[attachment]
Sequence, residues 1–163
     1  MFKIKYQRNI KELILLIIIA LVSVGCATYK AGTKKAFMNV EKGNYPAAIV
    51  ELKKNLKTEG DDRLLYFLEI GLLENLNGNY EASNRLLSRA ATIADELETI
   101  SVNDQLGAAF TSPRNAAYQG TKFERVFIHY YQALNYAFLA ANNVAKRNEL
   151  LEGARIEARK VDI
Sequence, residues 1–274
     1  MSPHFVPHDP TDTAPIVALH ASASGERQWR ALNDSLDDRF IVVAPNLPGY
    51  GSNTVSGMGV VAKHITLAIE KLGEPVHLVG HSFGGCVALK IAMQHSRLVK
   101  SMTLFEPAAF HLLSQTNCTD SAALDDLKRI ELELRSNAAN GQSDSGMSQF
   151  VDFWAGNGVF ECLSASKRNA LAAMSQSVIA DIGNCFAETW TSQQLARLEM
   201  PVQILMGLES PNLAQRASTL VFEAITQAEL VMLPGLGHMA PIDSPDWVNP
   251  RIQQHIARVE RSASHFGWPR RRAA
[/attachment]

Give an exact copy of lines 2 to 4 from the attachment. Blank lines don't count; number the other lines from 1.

     1  MFKIKYQRNI KELILLIIIA LVSVGCATYK AGTKKAFMNV EKGNYPAAIV
    51  ELKKNLKTEG DDRLLYFLEI GLLENLNGNY EASNRLLSRA ATIADELETI
   101  SVNDQLGAAF TSPRNAAYQG TKFERVFIHY YQALNYAFLA ANNVAKRNEL